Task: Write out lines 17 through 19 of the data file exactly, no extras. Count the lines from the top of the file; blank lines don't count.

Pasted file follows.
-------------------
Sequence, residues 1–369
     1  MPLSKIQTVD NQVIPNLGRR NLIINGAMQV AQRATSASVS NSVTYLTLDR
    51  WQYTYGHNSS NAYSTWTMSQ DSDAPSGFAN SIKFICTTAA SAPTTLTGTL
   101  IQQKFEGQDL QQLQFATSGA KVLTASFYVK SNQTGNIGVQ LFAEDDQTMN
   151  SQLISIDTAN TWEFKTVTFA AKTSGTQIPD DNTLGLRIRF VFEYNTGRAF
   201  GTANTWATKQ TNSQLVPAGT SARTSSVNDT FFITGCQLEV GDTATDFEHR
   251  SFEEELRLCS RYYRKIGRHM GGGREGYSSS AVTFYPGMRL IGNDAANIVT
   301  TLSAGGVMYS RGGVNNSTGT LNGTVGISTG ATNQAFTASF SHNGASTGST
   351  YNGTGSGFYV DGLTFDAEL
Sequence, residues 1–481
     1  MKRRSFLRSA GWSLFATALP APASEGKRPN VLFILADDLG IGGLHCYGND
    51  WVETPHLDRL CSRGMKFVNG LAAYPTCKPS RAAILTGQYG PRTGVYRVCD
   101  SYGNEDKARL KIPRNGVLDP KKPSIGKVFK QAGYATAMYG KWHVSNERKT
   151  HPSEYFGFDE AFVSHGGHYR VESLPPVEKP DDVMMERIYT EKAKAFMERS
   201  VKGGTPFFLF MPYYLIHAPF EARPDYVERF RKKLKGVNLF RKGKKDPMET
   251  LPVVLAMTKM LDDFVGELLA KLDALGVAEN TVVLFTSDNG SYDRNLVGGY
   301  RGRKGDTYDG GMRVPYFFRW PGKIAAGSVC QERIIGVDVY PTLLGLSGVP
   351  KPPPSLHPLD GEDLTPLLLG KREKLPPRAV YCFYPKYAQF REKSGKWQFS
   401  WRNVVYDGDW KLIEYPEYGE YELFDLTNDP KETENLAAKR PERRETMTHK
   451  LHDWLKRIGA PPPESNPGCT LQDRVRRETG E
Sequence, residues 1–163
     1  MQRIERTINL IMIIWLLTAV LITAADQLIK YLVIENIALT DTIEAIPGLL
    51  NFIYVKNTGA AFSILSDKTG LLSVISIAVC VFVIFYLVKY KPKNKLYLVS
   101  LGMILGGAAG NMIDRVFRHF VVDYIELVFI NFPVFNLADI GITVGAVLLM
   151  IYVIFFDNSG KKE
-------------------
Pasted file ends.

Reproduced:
   301  RGRKGDTYDG GMRVPYFFRW PGKIAAGSVC QERIIGVDVY PTLLGLSGVP
   351  KPPPSLHPLD GEDLTPLLLG KREKLPPRAV YCFYPKYAQF REKSGKWQFS
   401  WRNVVYDGDW KLIEYPEYGE YELFDLTNDP KETENLAAKR PERRETMTHK